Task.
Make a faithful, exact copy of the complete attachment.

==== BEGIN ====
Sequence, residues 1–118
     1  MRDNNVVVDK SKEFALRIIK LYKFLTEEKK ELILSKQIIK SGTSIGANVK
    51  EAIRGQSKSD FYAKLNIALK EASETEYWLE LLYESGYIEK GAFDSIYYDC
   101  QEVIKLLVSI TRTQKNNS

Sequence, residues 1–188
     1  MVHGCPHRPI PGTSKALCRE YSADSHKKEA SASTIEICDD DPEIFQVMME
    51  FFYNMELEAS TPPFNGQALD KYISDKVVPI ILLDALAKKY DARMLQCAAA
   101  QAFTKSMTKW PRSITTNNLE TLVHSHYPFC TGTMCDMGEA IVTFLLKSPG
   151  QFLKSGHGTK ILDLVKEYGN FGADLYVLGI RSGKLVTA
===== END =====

Sequence, residues 1–118
     1  MRDNNVVVDK SKEFALRIIK LYKFLTEEKK ELILSKQIIK SGTSIGANVK
    51  EAIRGQSKSD FYAKLNIALK EASETEYWLE LLYESGYIEK GAFDSIYYDC
   101  QEVIKLLVSI TRTQKNNS

Sequence, residues 1–188
     1  MVHGCPHRPI PGTSKALCRE YSADSHKKEA SASTIEICDD DPEIFQVMME
    51  FFYNMELEAS TPPFNGQALD KYISDKVVPI ILLDALAKKY DARMLQCAAA
   101  QAFTKSMTKW PRSITTNNLE TLVHSHYPFC TGTMCDMGEA IVTFLLKSPG
   151  QFLKSGHGTK ILDLVKEYGN FGADLYVLGI RSGKLVTA